So while it may be impossible to prove whether organic is healthier than non-organic there is something suspect about tampering with our food.  Personally, I think that the problem is not actually whether organic is better than non-organic, but that no-one has devised an experiment or trial that could show this.  It’s all a problem of: the vested interests in the chemical and biotechnology industry; how much such an experiment would cost; how long the experiment would need to take (probably at least several generations of people); and actually whether anyone is really that bothered in the outcome.


What about the environment and the farmers?


Organic producers, also, consider the environmental impact of food production and the welfare of their workers.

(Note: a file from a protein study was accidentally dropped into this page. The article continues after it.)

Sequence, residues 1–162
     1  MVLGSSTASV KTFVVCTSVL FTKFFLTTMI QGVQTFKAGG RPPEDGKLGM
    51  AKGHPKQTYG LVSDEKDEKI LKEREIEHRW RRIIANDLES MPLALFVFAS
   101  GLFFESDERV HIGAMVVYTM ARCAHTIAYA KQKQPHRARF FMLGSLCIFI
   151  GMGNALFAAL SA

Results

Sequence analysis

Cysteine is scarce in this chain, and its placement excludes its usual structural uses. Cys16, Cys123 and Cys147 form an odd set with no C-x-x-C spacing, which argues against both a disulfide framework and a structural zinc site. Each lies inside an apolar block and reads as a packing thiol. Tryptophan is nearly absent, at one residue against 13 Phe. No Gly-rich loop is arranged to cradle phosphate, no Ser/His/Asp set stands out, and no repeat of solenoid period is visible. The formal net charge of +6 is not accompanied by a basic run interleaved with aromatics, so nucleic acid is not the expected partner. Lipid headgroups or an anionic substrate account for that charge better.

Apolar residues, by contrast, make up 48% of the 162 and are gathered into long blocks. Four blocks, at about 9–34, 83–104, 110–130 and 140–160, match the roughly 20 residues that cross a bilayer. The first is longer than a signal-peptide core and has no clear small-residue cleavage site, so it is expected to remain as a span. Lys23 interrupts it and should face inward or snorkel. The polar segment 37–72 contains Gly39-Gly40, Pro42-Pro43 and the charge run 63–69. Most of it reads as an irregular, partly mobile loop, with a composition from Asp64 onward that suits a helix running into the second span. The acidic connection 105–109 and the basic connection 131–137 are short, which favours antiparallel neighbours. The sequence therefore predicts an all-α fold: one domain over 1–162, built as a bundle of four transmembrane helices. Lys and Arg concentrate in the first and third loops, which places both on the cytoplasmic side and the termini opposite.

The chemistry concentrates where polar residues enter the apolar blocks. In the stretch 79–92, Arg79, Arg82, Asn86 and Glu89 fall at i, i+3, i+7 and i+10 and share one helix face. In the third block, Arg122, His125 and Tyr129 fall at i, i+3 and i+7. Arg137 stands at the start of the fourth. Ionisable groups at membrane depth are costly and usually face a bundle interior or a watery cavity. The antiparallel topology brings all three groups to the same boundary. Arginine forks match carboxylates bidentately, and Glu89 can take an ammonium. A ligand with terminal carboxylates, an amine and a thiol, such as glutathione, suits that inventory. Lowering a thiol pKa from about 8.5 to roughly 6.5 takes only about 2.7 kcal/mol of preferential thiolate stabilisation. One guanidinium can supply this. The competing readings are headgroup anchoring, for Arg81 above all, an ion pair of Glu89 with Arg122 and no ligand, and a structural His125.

Organic producers start with the idea that they are the guardians of the land, respecting the environment, looking to preserve plant and animal species, nurturing the soil and keeping the air and water clean.


At Steenbergs, a key factor in the way we work is respect for people.  We have a strict policy that guarantees producers a fair market value for the goods they produce.  We work closely with our suppliers to ensure that their workers are paid a fair wage, as well as given decent levels of sanitation, power and education.


Can I be sure that it really is organic?


“Organic” has a strict legal meaning – all food or drink sold as “organic” within Europe must be produced according to European laws on organic production.  This means that farmers, processors and importers need to be reviewed every year by a recognised agency and importers must obtain import licences for every non-European product.  We are registered with Organic Food Federation, UK Certification 4.